Determination

  • I’m a very stubborn person, and no matter how long it took me, or how hard I found it, I was going to cross the finish line. Even if I had to walk the whole damn way. Some people doubted me, some even laughed when I said I had a place in the London marathon- their doubt fuelled my determination, and I was resolved to prove them wrong.
  • Teachers are incredibly determined. The very nature of what we do requires determination as a build it characteristic, as much a part of the fabric of a teacher as a love of learning, a desire to make a difference and a belief in young people.
  • To experience an academic year in a school is to witness determination as a living organism- the school and everyone who works in it embodies determination for their students. To recognise this as true, stop a moment and reflect on your school- what multitude of activity goes on, on a daily/weekly basis? How many people go above and beyond the call of duty? Consider for a moment the plethora of experiences we offer our students: enrichment activities, intervention & revision classes, after school clubs, trips, tutor time, parents evenings, school performances, assemblies, guest speakers & visitors, reading mornings, school council meetings, tuition groups, student societies, charity days and much more there is capacity to explore here. And that’s just for students.
  • What about for staff too? There are: meetings, coaching, CPD, mentoring, training sessions, university courses, exam board training courses, pupil shadowing, observations, feedback, book scrutinies, peer-observations, directed time, ITT training & mentoring, book club, leadership courses, mock interview days, shadowing a leader for the day, lesson studies, INSET, cross-federation/alliance training or meetings, inspections, promotion opportunities……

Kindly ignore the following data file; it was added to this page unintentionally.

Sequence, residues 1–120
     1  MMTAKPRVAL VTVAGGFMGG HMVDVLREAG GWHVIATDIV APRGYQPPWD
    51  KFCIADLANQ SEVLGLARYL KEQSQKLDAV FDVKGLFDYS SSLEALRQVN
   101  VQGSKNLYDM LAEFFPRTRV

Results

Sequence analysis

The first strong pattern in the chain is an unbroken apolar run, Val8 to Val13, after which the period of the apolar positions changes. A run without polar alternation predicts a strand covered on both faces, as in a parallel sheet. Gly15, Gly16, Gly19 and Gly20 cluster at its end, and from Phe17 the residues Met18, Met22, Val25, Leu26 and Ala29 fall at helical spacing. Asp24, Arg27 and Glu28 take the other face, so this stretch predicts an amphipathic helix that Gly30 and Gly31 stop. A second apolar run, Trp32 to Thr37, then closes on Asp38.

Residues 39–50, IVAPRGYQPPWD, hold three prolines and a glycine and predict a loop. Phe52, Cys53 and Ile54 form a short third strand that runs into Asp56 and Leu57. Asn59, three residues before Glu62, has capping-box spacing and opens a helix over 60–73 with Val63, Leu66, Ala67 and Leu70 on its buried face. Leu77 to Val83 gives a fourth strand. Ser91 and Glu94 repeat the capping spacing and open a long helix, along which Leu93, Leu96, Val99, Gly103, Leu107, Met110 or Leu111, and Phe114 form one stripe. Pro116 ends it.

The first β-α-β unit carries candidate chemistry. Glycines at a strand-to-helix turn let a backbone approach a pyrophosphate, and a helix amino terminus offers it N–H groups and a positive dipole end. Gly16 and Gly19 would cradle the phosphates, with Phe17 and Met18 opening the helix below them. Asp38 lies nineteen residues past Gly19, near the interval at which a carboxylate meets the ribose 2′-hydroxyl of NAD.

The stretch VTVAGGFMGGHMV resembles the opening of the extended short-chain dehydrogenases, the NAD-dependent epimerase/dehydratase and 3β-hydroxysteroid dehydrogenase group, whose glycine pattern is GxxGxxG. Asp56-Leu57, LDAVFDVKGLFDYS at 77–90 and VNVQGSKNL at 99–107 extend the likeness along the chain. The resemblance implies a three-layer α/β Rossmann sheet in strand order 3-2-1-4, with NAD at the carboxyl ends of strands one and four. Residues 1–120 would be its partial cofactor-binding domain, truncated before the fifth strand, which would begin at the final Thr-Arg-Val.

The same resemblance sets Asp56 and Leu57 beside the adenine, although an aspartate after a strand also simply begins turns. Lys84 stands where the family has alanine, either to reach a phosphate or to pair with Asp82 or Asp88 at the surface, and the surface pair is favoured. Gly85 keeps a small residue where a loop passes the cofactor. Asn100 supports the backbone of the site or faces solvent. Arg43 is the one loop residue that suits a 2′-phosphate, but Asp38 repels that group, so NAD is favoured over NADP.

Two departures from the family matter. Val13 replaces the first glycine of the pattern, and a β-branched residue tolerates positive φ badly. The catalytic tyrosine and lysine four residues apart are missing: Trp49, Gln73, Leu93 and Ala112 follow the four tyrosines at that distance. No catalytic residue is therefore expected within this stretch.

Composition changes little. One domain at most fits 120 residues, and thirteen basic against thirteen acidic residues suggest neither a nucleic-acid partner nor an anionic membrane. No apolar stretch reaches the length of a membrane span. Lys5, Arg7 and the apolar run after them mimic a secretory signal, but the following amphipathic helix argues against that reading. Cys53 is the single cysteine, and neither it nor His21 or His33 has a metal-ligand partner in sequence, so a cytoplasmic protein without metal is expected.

• Lets not forget all those staff who, without a second’s thought, go above and beyond the call of duty: I am sure those of use who have taught for a few years will know of many examples- the staff member who works with one struggling student in all their free periods, stays late after school and comes in early to give extra support to students, comes in over the holidays or on weekends to give extra lessons, goes to all the sport fixtures and school plays just so students see that someone is on their side. If you think about it, this probably describes a lot of teachers you know.
  • Teachers, and students, are the most determined people I know.

 

All in all, the fundamentals of training for a marathon apply every single day in a school, and are part of what makes a school an amazing place to be:

  •  the dedication of time to the cause
  • the willingness to try again, however many times it takes
  • a stubborn refusal to accept anything other than a good outcome
  • the belief and perseverance to struggle on, long after others would have given up

 

“How wonderful it is that nobody need wait a single moment before starting to improve the world.”
― Anne Frank